On June 25, 1876, General George Custer and a heavily armed cavalry regiment attacked a camp of Lakota, Arapaho and Cheyenne Indians on the banks of the Little Bighorn River in what is now Montana. Custer’s regiment was part of the forces clearing the region of indigenous peoples so white settlers could mine gold in the Black Hills. That day Custer met a crushing defeat at the hands of the assembled tribes, under the leadership of Crazy Horse and Gall. Custer and his men were entirely wiped out in one of the greatest victories for Indian peoples during the last five hundred years of genocide in the Americas.
Chief Wolf Robe, of the Cheyenne people, 1890, Oklahoma. [He was the Cheyenne chief in the late 1870s, when he was forced to leave the open plains to relocate his tribe to the Cheyenne and Arapaho Indian Reservation.]
An Arapaho warrior rescues another warrior while under fire from a group of American soldiers. The Arapaho were one of the most dogged groups in their resistance to American expansion, stemming from the Sand Creek Massacre of 1864, the first major clash of arms between the two, which saw Colorado militia slaughter a village of Arapaho and Cheyenne, mostly women and children.
The Arapaho would fight a series of conflicts over the next decades, including participation in the Battle of the Little Big Horn.
These are just a handful of days when Americans pause to remember those lost during wartime or in national tragedies. On these days, politicians deliver speeches calling for patriotism and unity so that the public “never forgets” these painful moments.
But the current list of days is woefully incomplete.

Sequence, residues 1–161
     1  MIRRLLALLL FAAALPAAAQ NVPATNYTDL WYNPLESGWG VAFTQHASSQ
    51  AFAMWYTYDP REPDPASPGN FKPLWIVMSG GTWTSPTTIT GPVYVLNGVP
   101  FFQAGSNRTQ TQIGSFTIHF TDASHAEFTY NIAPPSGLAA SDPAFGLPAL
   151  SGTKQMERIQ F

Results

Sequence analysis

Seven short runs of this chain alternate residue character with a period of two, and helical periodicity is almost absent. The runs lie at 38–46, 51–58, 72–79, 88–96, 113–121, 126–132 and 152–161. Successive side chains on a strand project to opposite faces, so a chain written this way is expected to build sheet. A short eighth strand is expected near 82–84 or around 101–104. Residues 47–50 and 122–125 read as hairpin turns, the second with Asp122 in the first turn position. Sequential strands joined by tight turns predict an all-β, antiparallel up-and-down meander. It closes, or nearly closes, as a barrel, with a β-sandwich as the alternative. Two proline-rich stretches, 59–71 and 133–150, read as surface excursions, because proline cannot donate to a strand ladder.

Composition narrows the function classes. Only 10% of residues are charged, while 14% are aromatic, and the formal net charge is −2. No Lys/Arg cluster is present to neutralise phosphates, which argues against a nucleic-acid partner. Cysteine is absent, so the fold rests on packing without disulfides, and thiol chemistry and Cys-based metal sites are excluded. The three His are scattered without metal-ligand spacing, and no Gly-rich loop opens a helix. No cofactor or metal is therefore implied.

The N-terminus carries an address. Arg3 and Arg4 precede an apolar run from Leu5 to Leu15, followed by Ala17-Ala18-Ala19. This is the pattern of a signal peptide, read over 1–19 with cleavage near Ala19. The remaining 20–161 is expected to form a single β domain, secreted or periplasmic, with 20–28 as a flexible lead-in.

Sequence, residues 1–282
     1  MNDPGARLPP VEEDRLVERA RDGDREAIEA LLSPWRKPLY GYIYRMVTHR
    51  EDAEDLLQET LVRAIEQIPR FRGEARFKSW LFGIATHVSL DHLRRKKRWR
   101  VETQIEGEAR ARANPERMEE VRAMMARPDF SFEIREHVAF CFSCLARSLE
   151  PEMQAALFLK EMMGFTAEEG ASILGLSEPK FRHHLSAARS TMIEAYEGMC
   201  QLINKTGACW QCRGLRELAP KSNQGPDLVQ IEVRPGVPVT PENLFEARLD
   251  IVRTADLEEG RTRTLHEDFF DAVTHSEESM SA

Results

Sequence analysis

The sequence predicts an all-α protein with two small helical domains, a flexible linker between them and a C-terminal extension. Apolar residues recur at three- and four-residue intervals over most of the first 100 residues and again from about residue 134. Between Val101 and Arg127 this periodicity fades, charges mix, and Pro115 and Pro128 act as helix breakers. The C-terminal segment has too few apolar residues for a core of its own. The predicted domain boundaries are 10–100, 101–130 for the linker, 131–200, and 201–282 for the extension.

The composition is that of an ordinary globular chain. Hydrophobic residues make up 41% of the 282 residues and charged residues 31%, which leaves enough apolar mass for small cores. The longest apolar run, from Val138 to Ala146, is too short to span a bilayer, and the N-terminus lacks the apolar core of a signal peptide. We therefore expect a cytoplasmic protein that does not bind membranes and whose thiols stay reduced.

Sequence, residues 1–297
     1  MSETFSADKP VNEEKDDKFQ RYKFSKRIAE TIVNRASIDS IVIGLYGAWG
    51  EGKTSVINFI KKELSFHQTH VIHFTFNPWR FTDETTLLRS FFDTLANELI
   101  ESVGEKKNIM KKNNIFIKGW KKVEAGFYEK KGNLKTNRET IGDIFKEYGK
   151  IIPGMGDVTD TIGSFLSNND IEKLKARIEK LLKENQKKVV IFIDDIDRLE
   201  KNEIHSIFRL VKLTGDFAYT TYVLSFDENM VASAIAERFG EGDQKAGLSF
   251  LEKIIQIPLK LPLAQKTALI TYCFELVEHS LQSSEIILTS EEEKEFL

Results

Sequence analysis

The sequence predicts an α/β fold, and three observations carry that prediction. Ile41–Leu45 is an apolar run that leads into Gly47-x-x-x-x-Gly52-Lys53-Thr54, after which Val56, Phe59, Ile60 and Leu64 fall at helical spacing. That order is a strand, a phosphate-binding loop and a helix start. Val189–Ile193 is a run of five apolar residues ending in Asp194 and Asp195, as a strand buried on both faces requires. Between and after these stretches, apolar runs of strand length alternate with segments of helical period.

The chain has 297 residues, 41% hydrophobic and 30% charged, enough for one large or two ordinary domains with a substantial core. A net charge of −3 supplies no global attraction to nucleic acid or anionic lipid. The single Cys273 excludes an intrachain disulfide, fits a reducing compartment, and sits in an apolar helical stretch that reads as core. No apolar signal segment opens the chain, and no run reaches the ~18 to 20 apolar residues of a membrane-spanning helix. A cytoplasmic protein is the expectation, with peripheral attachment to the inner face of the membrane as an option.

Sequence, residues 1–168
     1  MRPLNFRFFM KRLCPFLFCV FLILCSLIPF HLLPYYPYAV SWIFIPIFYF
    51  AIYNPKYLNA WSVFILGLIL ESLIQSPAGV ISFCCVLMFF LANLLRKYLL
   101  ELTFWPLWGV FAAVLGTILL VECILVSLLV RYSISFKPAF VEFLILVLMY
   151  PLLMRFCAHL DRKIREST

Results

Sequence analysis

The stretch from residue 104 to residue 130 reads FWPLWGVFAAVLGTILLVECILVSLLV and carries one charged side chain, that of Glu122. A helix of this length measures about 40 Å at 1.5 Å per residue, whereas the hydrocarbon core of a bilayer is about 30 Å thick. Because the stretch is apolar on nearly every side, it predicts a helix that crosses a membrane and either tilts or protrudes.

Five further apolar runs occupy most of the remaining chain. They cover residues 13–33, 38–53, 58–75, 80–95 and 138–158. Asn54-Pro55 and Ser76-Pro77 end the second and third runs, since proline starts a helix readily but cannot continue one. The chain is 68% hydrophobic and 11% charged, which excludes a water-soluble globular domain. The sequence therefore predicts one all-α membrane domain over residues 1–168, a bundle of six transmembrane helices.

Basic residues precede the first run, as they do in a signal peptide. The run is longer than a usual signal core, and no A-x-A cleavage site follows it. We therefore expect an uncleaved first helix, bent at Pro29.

This past weekend marked the 150th anniversary of the Sand Creek massacre, where volunteer U.S. soldiers killed hundreds of Cheyenne and Arapaho Indians living peacefully in the Colorado territory. Thousands of Native Americans gathered in Colorado and across the country to pay homage and remember those who were murdered.
Maj. Stephen H. Long, commanding an exploring party sent out by President Madison in 1819, first sighted Longs Peak. Park area frequented by Arapaho and Ute Indians.
Rufus B. Sage, another explorer, visited the area and later published earliest known description in “Rocky Mountain Life, or Startling Scenes and Perilous Adventures in the Far West During an Expedition of Three Years.”
Joel Estes, the first white settler, entered the park and in 1860 built the first cabin.
Charles F. Estes, first white child born in the park.
First ascent of Longs Peak. The climb was made by William N. Byers, Maj. J.W. Powell, and five other men.
Rocky Mountain Jim, adventurer and frontiersman, settled in area.
Earl of Dunraven, famous English sportsman, first visited this area.
The Hayden Geographical Survey, under Dr. E.V. Hayden, worked in this region.
First stage established between Longmont and Estes Park.
Albert Bierstadt, famous artist, first visited the region.
First wedding in the park: Anna Ferguson and Richard Hubbell.
First hotel built by Earl of Dunraven.
First public school established and held in Elkhorn Lodge.
The Denver, Utah & Pacific Railroad built to Lyons and projected to Pacific Ocean through Fall River and Milner Passes by Milner, chief engineer for the company.
Bear Lake fire.
Big Thompson Canyon road completed.
Automobile stage line established between Estes Park and Loveland.
Automobile stage line established between Estes Park and Lyons.
Fall River road begun. Completed in 1920.
Rocky Mountain National Park Act approved January 26.
Bear Lake road completed.
State of Colorado ceded exclusive jurisdiction to Federal Government.